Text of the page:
Lecture 10 - LD, con't & Intro to QG

Lecture 10 - LD, con't & Intro to QG - 1 Lecture 10.1 -...

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1 Lecture 10.1 - Causes and consequences of Linkage Disequilibrium, con't I. Causes of LD, con't. .. 4. Natural Selection a) "Associative" Overdominance 2 loci, "2" alleles are deleterious and completely recessive, fitness is multiplicative - If initial coupling L-D, then A1B1, A2B2 are common; A2B2 quickly removed from the population. g'type w(ij) A1B1/A1B1 1 A1B1/A2B2 1 (remember, dominance) A2B2/A2B2 (1-s) 2 - If initial repulsion L-D, then A1B2, A2B1 are common (recall question above) g'type w(ij) A1B2/A1B2 1-s A1B2/A2B1 1 A2B1/A2B1 1-s Thus, there is apparent ("associative") overdominance, which will last until recombination breaks up the L-D b) Stabilizing selection "+" alleles increase trait value, "-" alleles decrease trait value. If intermediate phenotypes are favored, ++ and -- gametes will (on average) have lower fitness than +- and -+ gametes. Thus, selection will (again) maintain repulsion L-D. Q: Under what circumstances would selection build up coupling L-D? II. Consequences of LD 1. Genetic "Hitchhiking" It is commonly observed that heterozygosity (i.e., standing genetic variation) and local (genomic) recombination rate are positively correlated. Regions of low recombination (e.g., centromeric and telomeric regions) have reduced genetic variation relative to regions of normal recombination.
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2 This pattern is observed in Drosophila , humans, Arabidopsis , Caenorhabditis , tomato, and other taxa. Obviously, heterozygosity increases with local recombination rate. One possibility: recombination is mutagenic (remember, H^ 4N e μ ) To test that possibility: Recall that from the Neutral Theory, the neutral substitution rate is equal to the mutation rate (i.e., k = μ ). So, if the substitution rate (among taxa) is higher at genes in regions of low recombination, it would imply that the mutation rate is higher in those regions. Q: On what important assumptions does this analysis depend? Since the early '90s, the dogma in evolutionary biology has been that the substitution rate is not higher in regions of low recombination. However, that dogma is changing. As more data accumulate, it is beginning to look like that the substitution rate is often lower in regions of low recombination, leading to the conclusion that recombination is mutagenic. However, it does not appear that the mutagenicity of recombination can explain the entire difference in local genetic variation. So, what about selection ? Suppose a new beneficial mutation arises and survives the vagaries of low frequency? Variation that is tightly linked to the beneficial mutation will also increase in frequency. Upon fixation of the new beneficial mutation, the only alleles present in the population at tightly linked loci will be those alleles that were initially associated with the beneficial mutation. Thus, variation at linked loci is removed from the population. This is called a "selective sweep", or "hitchhiking", as depicted in the following figure. ..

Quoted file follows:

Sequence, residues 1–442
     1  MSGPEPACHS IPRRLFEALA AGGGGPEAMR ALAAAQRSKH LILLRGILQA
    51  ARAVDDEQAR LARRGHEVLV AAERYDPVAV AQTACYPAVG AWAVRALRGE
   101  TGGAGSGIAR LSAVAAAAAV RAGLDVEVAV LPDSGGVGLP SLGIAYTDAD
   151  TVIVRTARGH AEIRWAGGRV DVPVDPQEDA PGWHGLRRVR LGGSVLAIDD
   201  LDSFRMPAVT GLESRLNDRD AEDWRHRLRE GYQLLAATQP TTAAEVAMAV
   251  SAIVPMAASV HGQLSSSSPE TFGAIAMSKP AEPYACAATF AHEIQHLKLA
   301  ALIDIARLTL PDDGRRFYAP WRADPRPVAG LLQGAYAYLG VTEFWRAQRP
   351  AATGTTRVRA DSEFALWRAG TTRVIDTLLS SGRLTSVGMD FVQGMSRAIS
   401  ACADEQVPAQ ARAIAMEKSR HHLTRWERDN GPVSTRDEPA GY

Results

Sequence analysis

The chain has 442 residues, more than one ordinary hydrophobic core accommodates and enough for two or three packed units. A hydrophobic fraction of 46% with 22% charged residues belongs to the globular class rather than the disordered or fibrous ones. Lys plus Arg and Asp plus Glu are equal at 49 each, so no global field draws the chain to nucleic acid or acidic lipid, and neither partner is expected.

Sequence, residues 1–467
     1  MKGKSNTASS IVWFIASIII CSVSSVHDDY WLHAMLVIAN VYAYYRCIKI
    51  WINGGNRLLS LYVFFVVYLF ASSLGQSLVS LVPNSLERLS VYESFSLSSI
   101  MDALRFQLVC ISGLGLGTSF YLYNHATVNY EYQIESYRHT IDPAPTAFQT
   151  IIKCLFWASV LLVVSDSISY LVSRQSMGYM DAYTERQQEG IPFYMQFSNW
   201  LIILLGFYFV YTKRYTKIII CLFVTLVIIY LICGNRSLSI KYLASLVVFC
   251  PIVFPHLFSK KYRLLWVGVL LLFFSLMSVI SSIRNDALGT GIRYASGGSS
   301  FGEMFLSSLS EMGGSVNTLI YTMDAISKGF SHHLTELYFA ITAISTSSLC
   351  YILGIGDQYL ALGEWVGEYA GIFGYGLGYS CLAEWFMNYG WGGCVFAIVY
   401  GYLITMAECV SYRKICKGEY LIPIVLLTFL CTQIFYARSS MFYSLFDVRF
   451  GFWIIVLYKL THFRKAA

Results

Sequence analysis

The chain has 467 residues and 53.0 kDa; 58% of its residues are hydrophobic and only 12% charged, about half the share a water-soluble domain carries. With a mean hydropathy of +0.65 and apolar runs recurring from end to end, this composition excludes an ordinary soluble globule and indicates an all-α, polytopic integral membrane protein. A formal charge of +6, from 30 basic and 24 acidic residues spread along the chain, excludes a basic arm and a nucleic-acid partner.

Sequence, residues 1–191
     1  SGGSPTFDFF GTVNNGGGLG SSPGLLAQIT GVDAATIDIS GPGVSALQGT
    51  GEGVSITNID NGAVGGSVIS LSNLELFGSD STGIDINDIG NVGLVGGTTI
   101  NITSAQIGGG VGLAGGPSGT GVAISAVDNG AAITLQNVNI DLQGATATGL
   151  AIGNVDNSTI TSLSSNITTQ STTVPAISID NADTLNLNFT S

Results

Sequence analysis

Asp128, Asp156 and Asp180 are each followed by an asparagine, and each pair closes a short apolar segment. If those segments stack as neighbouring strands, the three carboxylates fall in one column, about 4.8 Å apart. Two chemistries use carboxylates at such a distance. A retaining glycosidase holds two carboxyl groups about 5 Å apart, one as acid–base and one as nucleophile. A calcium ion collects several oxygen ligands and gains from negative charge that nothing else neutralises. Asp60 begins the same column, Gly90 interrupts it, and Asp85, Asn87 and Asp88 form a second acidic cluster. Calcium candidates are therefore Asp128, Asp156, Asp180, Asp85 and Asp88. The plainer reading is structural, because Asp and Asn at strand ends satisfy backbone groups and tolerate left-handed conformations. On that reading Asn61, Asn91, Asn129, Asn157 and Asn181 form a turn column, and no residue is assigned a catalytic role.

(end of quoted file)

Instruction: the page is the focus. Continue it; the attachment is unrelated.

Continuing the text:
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3 The following figure depicts a population of chromosomes before a selective sweep. The red "C" at position 4 is beneficial mutation.
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This note was uploaded on 06/08/2011 for the course PCB 4674 taught by Professor Baer during the Fall '08 term at University of Florida.

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Lecture 10 - LD, con't & Intro to QG - 1 Lecture 10.1 -...

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